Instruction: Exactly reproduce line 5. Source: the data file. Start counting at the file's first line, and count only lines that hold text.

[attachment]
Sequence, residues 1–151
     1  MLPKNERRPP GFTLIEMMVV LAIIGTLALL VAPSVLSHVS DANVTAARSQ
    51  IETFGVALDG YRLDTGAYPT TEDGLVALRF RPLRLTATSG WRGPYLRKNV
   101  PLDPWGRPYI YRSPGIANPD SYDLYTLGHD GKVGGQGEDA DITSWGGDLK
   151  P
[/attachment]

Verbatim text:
   151  P